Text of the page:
A charming monster tale with an appealing theme.

NOT SO SCARY JERRY

A not-so-terrifying bedtime monster, inspired by his assigned child, discovers what he really wants to do with his life in this debut picture book.

The narrator, a brown-skinned, black-haired boy with a pet pug, bemoans that his old, scary bedtime monster retired. When Jerry arrives, the green polka-dot–furred, hat-wearing, hug-giving monster is not what the narrator expected. Jerry tries to be scary, pretending to be a ghost, opening his mouth to show his fangs (until he pops his jaw), and slobbering on the narrator’s pillow (which isn’t horrifying, just gross). “You don’t really like this ‘being scary’ stuff, do you?” the narrator asks. At first, Jerry protests—he’s a monster, after all. But in truth, he’d rather be cooking, painting rocks, or thumb wrestling. In fact, telling the narrator about all the fun activities he likes to do motivates him to make a delicious midnight snack for the boy, who decides maybe a different kind of monster is just what he needs. For youngsters worried about creepy things under the bed, there’s little comfort offered here, except that if Jerry exists, perhaps their monsters won’t be scary either. Schafer’s (A Star Full of Sky, 2017) cheerful illustrations, which feature some crayon drawings from the narrator’s perspective, match the story’s tone perfectly; they are never frightening. Kinder makes superb use of dialogue, allowing children to read back and forth between the characters. And the stirring “be yourself” message comes through without being overdone.

A charming monster tale with an appealing theme.

Pub Date: Sept. 19, 2017

ISBN: 978-1-946101-32-7

Page Count: 36

Publisher: Spork

Review Posted Online: Dec. 6, 2017

Kirkus Reviews Issue: Jan. 15, 2018

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THE LORAX

The greening of Dr. Seuss, in an ecology fable with an obvious message but a savingly silly style. In the desolate land of the Lifted Lorax, an aged creature called the Once-ler tells a young visitor how he arrived long ago in the then glorious country and began manufacturing anomalous objects called Thneeds from "the bright-colored tufts of the Truffula Trees." Despite protests from the Lorax, a native "who speaks for the trees," he continues to chop down Truffulas until he drives away the Brown Bar-ba-loots who had fed on the Tuffula fruit, the Swomee-Swans who can't sing a note for the smogulous smoke, and the Humming-Fish who had hummed in the pond now glumped up with Gluppity-Glupp. As for the Once-let, "1 went right on biggering, selling more Thneeds./ And I biggered my money, which everyone needs" — until the last Truffula falls. But one seed is left, and the Once-let hands it to his listener, with a message from the Lorax: "UNLESS someone like you/ cares a whole awful lot,/ nothing is going to get better./ It's not." The spontaneous madness of the old Dr. Seuss is absent here, but so is the boredom he often induced (in parents, anyway) with one ridiculous invention after another. And if the Once-let doesn't match the Grinch for sheer irresistible cussedness, he is stealing a lot more than Christmas and his story just might induce a generation of six-year-olds to care a whole lot.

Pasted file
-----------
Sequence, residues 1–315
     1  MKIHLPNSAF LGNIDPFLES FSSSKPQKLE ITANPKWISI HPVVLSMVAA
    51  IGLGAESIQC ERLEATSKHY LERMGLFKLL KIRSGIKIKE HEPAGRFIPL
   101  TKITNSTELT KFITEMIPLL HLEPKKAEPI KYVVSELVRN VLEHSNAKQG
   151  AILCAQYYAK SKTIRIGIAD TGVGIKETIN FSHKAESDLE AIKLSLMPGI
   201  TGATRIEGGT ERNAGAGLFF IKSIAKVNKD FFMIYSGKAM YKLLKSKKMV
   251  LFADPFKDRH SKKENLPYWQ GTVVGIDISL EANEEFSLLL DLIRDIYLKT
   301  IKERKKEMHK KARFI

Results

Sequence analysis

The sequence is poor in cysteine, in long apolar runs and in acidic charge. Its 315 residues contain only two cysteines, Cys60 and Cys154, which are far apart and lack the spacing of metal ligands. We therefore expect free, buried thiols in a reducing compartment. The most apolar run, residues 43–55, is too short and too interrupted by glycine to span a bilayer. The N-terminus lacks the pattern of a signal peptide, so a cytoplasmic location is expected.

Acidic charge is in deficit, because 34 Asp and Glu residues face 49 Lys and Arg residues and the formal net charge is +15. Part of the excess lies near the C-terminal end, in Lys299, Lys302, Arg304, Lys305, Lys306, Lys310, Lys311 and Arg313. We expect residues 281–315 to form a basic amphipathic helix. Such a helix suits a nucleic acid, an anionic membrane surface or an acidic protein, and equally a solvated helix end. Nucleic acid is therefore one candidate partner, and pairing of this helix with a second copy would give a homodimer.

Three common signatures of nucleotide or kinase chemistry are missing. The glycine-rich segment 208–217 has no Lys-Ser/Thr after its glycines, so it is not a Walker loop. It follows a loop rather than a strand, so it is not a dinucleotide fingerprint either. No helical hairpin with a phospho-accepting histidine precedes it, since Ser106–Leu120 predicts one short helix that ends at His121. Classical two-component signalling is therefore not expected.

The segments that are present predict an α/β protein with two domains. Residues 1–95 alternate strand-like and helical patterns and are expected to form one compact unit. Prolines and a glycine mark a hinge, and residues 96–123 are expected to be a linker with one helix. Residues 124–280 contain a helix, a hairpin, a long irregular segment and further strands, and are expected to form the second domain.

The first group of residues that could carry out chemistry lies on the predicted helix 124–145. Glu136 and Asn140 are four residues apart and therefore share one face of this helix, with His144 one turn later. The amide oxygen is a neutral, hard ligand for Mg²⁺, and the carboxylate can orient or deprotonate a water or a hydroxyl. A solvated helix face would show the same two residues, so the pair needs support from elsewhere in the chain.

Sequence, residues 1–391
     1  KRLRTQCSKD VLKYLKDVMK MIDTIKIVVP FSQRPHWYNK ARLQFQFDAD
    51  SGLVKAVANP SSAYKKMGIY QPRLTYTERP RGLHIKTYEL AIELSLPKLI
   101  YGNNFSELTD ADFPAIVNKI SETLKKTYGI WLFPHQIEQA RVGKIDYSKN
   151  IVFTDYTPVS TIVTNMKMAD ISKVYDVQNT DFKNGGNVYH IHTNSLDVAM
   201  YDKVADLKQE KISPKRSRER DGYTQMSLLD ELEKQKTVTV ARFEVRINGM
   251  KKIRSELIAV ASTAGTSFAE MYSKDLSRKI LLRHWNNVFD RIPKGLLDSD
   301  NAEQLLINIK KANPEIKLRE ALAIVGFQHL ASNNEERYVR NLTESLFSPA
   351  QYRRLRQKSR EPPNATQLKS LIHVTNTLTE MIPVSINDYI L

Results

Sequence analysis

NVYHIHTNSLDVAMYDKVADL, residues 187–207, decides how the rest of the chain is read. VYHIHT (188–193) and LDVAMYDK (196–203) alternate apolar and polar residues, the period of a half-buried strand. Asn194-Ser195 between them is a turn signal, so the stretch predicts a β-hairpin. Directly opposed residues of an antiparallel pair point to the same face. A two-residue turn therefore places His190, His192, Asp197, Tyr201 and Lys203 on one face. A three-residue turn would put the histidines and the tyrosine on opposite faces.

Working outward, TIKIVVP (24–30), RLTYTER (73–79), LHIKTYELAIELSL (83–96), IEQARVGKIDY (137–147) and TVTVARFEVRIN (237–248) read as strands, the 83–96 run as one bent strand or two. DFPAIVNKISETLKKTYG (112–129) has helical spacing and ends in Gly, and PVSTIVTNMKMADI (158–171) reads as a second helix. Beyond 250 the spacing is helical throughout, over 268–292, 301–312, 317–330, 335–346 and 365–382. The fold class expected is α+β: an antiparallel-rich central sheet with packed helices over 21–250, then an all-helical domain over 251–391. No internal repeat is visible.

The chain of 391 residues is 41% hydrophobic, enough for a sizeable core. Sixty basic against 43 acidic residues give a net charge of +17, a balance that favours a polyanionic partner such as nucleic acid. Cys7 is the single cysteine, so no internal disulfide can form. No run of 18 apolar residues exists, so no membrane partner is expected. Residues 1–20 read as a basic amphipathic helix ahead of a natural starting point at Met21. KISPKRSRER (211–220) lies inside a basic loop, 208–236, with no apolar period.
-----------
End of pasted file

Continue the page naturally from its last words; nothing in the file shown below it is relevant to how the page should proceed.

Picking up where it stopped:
Pub Date: Aug. 12, 1971

ISBN: 0394823370

Page Count: 72

Publisher: Random House

Review Posted Online: Oct. 19, 2011

Kirkus Reviews Issue: Sept. 1, 1971

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An engaging mix of gentle behavior modeling and inventive story ideas that may well provide just the push needed to get some...

RALPH TELLS A STORY

With a little help from his audience, a young storyteller gets over a solid case of writer’s block in this engaging debut.

Despite the (sometimes creatively spelled) examples produced by all his classmates and the teacher’s assertion that “Stories are everywhere!” Ralph can’t get past putting his name at the top of his paper. One day, lying under the desk in despair, he remembers finding an inchworm in the park. That’s all he has, though, until his classmates’ questions—“Did it feel squishy?” “Did your mom let you keep it?” “Did you name it?”—open the floodgates for a rousing yarn featuring an interloping toddler, a broad comic turn and a dramatic rescue. Hanlon illustrates the episode with childlike scenes done in transparent colors, featuring friendly-looking children with big smiles and widely spaced button eyes. The narrative text is printed in standard type, but the children’s dialogue is rendered in hand-lettered printing within speech balloons. The episode is enhanced with a page of elementary writing tips and the tantalizing titles of his many subsequent stories (“When I Ate Too Much Spaghetti,” “The Scariest Hamster,” “When the Librarian Yelled Really Loud at Me,” etc.) on the back endpapers.

An engaging mix of gentle behavior modeling and inventive story ideas that may well provide just the push needed to get some budding young writers off and running. (Picture book. 6-8)

Pub Date: Sept. 18, 2012

ISBN: 978-0761461807

Page Count: 32

Publisher: Amazon Children's Publishing

Review Posted Online: Aug. 22, 2012

Kirkus Reviews Issue: Sept. 1, 2012

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